814 F2d 1099 United States v. Ford Motor Company

814 F.2d 1099

25 ERC 1745, 55 USLW 2543, 17 Envtl.
L. Rep. 20,655

UNITED STATES of America, Plaintiff-Appellant,
FORD MOTOR COMPANY, Defendant-Appellee.

No. 85-1945.

United States Court of Appeals,
Sixth Circuit.

Argued Dec. 8, 1986.
Decided March 27, 1987.

Geneva S. Halliday, Asst. U.S. Atty., Detroit, Mich., Ellen J. Durkee, David C. Shilton, Appellate Section, Lands Div.-Dept. of Justice, Washington, D.C., William B. Lazarus (argued), for plaintiff-appellant.

Elizabeth N. Carroll, Robert A. Fineman, Detroit, Mich., Mary F. Edger, Thomas H. Truitt (argued), Washington, D.C., for defendant-appellee.

Before ENGEL and JONES, Circuit Judges, and EDWARDS, Senior Circuit Judge.

GEORGE CLIFTON EDWARDS, Jr., Senior Circuit Judge.

view counter

In this case Ford Motor Company and the United States are litigating a question fundamental to the authority of the federal government to control the emission of air pollutants within the boundaries of a particular state.


The pollutants at issue are volatile organic compounds which are the principal contributors to ambient ozone. The site of this dispute is a Ford Motor Company plant located in Mount Clemens, Michigan. This factory coats vinyl products with solvent-based coating and emits ambient ozone from eight production lines.


Plaintiff cites a vivid description of the problems posed by ozone from the District of Columbia Circuit Court of Appeals:


Ozone is the primary cause of the ill effects associated with smog, of which it usually comprises 65-100%. At certain concentration levels, ozone irritates the respiratory system and causes coughing, wheezing, chest tightness, and headaches. Due to its irritating nature, ozone can aggravate asthma, bronchitis, and emphysema. Some studies indicate that chronic exposure to fairly low levels of ozone may reduce resistance to infection and alter blood chemistry or chromosone structure. Ozone can destroy vegetation, reduce crop yield, and damage exposed materials by causing cracking, fading, and weathering.


American Petroleum Institute v. Costle, 665 F.2d 1176, 1177 (1981), cert. denied, 455 U.S. 1034, 102 S.Ct. 1737, 72 L.Ed.2d 152 (1982).


The origin of this dispute is dated a decade ago. In February 1979 the United States Environmental Protection Agency (EPA) promulgated a combined primary and secondary national ambient air quality standard for ozone. This action was based on federal law, Sec. 109 of the Clean Air Act, 42 U.S.C. Sec. 7409. Michigan promulgated a State Implementation Plan which governed pollutants contributing to ozone formation in 1979, and U.S. EPA approved the State Implementation Plan in 1980. Two separate legal proceedings followed. On September 26, 1984, the United States initiated the first action under Sec. 113(b) of the Clean Air Act, 42 U.S.C. Sec. 7413(b), to enforce the EPA-approved State Implementation Plan (SIP). A month later, the Ford Motor Company filed suit in a Michigan state court against the Michigan Air Pollution Commission, the Michigan Natural Resources Commission, and the Michigan Department of Natural Resources. Ford sought to enjoin the state defendants from enforcing the State Implementation Plan concerning which the United States had filed the first action. EPA was not a party to the state action nor was it notified of its pendency.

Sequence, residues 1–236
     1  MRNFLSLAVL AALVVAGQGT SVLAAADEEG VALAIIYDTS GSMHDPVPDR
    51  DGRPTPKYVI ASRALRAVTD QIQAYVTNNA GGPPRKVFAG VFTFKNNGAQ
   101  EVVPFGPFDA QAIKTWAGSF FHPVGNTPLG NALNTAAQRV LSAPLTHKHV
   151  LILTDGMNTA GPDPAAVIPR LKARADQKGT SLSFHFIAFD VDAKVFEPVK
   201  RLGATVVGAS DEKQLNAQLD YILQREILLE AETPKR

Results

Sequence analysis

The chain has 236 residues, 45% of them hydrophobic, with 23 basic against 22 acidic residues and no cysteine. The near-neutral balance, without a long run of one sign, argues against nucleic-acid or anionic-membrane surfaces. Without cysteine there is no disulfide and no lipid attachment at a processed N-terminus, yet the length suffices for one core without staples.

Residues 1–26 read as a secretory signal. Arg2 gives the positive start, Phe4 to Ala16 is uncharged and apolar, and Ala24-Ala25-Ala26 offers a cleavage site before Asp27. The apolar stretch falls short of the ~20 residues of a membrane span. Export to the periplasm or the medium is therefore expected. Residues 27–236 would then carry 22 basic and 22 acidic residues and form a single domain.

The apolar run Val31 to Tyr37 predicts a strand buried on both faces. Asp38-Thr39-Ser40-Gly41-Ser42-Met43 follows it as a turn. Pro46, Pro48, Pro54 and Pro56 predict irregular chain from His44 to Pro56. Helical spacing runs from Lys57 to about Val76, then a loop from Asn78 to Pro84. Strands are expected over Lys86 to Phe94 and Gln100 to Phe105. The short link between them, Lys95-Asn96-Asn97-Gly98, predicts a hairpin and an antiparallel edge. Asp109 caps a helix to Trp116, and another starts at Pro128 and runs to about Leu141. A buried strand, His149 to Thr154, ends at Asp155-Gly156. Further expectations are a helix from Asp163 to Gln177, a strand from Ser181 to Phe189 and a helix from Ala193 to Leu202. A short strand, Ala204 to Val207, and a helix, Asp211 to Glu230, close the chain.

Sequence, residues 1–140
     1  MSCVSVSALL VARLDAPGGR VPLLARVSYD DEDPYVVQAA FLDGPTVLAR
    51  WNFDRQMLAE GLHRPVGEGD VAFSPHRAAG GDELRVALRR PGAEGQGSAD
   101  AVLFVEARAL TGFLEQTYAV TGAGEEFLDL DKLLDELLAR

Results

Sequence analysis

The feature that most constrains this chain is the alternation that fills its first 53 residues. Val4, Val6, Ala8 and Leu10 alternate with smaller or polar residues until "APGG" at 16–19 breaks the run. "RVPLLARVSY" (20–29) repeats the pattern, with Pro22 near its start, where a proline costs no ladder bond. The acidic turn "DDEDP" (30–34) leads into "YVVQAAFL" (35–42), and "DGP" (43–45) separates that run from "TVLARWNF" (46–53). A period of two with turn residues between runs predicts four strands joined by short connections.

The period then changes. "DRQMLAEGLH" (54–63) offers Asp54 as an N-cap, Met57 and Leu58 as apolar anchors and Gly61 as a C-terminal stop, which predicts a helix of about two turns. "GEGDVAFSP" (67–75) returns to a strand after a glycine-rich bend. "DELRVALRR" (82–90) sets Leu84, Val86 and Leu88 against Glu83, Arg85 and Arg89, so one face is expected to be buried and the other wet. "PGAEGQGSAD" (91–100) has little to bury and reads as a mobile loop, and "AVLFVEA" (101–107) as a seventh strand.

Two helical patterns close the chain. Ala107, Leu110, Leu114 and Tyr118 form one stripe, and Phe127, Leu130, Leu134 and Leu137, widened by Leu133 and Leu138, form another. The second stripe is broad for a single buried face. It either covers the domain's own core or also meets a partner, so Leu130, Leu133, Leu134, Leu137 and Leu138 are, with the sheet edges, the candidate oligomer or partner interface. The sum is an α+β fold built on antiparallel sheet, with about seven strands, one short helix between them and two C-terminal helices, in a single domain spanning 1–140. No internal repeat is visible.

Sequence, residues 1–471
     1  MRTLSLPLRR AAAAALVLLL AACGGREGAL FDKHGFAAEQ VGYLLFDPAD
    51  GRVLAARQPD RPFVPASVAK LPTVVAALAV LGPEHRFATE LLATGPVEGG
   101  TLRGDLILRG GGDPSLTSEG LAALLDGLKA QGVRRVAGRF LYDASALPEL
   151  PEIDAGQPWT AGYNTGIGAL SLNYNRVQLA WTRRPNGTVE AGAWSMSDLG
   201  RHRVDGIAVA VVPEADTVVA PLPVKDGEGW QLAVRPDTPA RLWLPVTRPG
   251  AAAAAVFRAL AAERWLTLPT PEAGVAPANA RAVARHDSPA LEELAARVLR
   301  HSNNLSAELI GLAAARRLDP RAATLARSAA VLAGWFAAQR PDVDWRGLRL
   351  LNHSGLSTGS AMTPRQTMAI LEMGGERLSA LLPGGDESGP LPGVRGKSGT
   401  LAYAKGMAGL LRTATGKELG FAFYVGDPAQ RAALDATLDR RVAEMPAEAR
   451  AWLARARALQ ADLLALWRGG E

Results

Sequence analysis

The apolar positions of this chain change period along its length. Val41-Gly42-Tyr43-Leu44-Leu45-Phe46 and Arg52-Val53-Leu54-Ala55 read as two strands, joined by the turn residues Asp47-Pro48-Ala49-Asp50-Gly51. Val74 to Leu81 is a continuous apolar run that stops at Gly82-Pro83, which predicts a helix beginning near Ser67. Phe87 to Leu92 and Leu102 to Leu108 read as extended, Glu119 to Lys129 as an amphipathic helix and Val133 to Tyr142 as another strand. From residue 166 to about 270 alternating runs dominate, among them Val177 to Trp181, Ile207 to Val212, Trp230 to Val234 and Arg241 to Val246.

Ford and the state defendants named above then negotiated a consent judgment which was entered March 18, 1985. Ford then filed a motion for summary judgment in the federal proceeding contending that the EPA-approved SIP could not be enforced because the state court consent judgment had invalidated it. On August 5, the United States District Court orally granted the Ford Motor Company's motion and dismissed the federal government's action. After the United States' motion for reconsideration and modification of the District Court's judgment had been denied, the United States initiated this appeal.

view counter

Ford's contention in this litigation is that the state court consent judgment is controlling and that the United States has no authority to overrule it. Essentially the United States District Court accepted this point of view.


As we see the question posed by this case, it is as follows: whether a state court consent order which was entered in an action brought by the defendant (Ford) against state air pollution regulatory authorities but not the United States or any of its agencies, and which purportedly vacated a State Implementation Plan adopted under the Clean Air Act and approved by EPA, precludes federal enforcement of the previously federally-approved plan?